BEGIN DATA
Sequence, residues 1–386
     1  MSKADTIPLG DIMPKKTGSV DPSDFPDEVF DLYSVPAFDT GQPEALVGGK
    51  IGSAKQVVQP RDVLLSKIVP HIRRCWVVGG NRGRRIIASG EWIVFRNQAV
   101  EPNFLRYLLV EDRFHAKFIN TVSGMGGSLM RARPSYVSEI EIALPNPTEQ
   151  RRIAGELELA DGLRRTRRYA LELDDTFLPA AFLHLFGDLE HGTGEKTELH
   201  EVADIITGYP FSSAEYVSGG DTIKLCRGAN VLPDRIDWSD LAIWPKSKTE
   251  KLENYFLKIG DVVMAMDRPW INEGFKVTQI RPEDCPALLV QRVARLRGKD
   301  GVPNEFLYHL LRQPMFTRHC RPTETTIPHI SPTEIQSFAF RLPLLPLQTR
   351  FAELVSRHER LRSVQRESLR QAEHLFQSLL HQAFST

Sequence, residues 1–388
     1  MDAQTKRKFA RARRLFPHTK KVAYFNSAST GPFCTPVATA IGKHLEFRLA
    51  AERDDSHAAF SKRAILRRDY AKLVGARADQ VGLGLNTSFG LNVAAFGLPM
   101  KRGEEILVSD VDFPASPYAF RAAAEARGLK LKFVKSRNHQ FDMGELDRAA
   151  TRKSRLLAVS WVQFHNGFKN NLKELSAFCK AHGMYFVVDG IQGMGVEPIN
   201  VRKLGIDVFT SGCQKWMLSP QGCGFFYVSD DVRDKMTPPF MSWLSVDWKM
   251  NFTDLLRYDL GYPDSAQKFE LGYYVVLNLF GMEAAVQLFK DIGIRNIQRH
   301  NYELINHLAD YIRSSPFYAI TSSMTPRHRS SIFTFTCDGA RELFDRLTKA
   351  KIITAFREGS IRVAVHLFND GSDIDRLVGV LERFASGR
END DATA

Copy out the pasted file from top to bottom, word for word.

Sequence, residues 1–386
     1  MSKADTIPLG DIMPKKTGSV DPSDFPDEVF DLYSVPAFDT GQPEALVGGK
    51  IGSAKQVVQP RDVLLSKIVP HIRRCWVVGG NRGRRIIASG EWIVFRNQAV
   101  EPNFLRYLLV EDRFHAKFIN TVSGMGGSLM RARPSYVSEI EIALPNPTEQ
   151  RRIAGELELA DGLRRTRRYA LELDDTFLPA AFLHLFGDLE HGTGEKTELH
   201  EVADIITGYP FSSAEYVSGG DTIKLCRGAN VLPDRIDWSD LAIWPKSKTE
   251  KLENYFLKIG DVVMAMDRPW INEGFKVTQI RPEDCPALLV QRVARLRGKD
   301  GVPNEFLYHL LRQPMFTRHC RPTETTIPHI SPTEIQSFAF RLPLLPLQTR
   351  FAELVSRHER LRSVQRESLR QAEHLFQSLL HQAFST

Sequence, residues 1–388
     1  MDAQTKRKFA RARRLFPHTK KVAYFNSAST GPFCTPVATA IGKHLEFRLA
    51  AERDDSHAAF SKRAILRRDY AKLVGARADQ VGLGLNTSFG LNVAAFGLPM
   101  KRGEEILVSD VDFPASPYAF RAAAEARGLK LKFVKSRNHQ FDMGELDRAA
   151  TRKSRLLAVS WVQFHNGFKN NLKELSAFCK AHGMYFVVDG IQGMGVEPIN
   201  VRKLGIDVFT SGCQKWMLSP QGCGFFYVSD DVRDKMTPPF MSWLSVDWKM
   251  NFTDLLRYDL GYPDSAQKFE LGYYVVLNLF GMEAAVQLFK DIGIRNIQRH
   301  NYELINHLAD YIRSSPFYAI TSSMTPRHRS SIFTFTCDGA RELFDRLTKA
   351  KIITAFREGS IRVAVHLFND GSDIDRLVGV LERFASGR